Defining Documents in American History: The American Revolution (1754-1805)
This title in the series chronicles key documents during the revolutionary era. Included are founding documents, speeches and political tracts, political sermons, and letters. Also included are Native American and African slave narratives.
This two-volume title is designed in consultation with an expert in the field and contains 65 primary source documents with an in-depth critical analysis. Articles begin by introducing readers to the historical context, followed by a description of the author's life and circumstances in which the document is written. A document analysis, written by professional writers and historians, guides readers in understanding key elements of language, rhetoric, and social and political meaning that define the significance of the author and document in American history. Each title is organized by chapter themes, highlighting major ideas in the period.
American Revolution is divided up into seven sections:
- Founding Documents
- Speeches and Political Tracts
- The Revolution in Letters
- The Voice of Formation and Dissent
- Native American Narratives
- African Slave Narratives
Readers will appreciate the diversity of the collected texts, including journals, letters, speeches, and political sermons, among other genres.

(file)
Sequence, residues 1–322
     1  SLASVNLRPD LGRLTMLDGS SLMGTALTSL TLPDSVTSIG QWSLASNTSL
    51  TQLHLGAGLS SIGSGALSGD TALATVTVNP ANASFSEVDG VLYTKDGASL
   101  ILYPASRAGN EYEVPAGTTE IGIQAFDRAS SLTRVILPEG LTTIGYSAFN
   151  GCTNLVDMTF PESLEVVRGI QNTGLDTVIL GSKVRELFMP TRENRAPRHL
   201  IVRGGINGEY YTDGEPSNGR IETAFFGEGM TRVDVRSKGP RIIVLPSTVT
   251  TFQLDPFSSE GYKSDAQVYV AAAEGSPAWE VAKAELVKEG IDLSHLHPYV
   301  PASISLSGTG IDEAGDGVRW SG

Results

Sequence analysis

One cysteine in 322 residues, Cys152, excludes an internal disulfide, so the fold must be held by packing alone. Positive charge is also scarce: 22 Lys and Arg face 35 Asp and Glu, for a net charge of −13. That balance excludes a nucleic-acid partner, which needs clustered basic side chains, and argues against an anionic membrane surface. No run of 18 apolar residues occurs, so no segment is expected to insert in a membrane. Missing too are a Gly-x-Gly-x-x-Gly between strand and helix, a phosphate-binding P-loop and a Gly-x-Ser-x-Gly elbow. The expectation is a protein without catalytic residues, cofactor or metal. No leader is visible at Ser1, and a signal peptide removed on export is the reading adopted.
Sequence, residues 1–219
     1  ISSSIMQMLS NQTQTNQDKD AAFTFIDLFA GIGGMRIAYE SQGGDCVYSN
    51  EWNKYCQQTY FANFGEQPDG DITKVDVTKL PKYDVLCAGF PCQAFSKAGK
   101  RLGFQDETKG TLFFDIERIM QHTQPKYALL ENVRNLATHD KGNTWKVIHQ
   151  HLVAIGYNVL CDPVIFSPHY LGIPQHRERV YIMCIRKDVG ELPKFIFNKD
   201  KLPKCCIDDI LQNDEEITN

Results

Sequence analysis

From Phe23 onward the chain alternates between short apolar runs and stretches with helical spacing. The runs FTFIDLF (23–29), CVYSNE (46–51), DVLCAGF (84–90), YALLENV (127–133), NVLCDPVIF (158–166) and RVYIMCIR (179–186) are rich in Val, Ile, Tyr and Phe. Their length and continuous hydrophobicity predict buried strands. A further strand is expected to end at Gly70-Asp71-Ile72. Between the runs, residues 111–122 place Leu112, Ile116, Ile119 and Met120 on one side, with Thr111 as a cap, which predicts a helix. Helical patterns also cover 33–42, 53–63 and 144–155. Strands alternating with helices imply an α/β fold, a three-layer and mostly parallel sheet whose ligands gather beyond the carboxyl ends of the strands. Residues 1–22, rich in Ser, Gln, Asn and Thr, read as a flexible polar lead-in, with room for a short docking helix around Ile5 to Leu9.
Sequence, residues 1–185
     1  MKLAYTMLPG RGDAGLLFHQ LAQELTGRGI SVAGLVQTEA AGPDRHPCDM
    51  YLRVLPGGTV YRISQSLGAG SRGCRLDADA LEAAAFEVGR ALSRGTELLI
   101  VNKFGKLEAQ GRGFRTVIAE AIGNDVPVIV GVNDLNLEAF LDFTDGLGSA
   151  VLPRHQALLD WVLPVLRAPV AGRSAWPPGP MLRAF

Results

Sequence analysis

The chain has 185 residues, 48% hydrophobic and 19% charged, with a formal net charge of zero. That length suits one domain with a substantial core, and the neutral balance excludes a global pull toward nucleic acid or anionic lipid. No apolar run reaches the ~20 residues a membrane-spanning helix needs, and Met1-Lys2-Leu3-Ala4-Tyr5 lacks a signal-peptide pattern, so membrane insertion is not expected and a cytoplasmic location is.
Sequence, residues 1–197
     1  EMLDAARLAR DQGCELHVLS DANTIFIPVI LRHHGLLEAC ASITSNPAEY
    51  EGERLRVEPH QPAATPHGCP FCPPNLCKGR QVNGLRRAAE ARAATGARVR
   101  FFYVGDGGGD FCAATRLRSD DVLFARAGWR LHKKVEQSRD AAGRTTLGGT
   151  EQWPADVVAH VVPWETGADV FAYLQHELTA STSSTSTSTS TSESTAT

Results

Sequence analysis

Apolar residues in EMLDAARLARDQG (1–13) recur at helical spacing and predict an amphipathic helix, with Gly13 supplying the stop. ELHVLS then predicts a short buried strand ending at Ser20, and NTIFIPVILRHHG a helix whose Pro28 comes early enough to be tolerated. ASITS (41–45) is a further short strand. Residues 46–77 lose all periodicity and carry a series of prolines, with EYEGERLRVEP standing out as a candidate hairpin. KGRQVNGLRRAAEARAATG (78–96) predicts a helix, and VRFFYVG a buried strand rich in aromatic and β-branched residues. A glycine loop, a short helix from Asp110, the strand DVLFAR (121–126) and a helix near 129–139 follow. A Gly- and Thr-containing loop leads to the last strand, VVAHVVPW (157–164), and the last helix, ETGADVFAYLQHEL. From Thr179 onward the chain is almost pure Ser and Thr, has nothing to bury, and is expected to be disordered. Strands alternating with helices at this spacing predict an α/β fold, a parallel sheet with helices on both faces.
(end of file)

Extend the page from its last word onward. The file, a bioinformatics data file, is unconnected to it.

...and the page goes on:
An important supplement to each historical document is a carefully designed lesson plan, which follows national history standards for learning, to guide students and educators in document analysis and historical comprehension. Study questions, activities, and suggested author pairings will establish the legacy of documents and authorship for readers today. In addition, comparative analysis highlights how every document emerges from a myriad of social and political influences.
A historical timeline, maps, and a bibliography of important supplemental readings will support readers in understanding the broader historical events and subjects in the period. An introduction for each of the major subjects covered in the title considers the significance of document analysis for students and educators.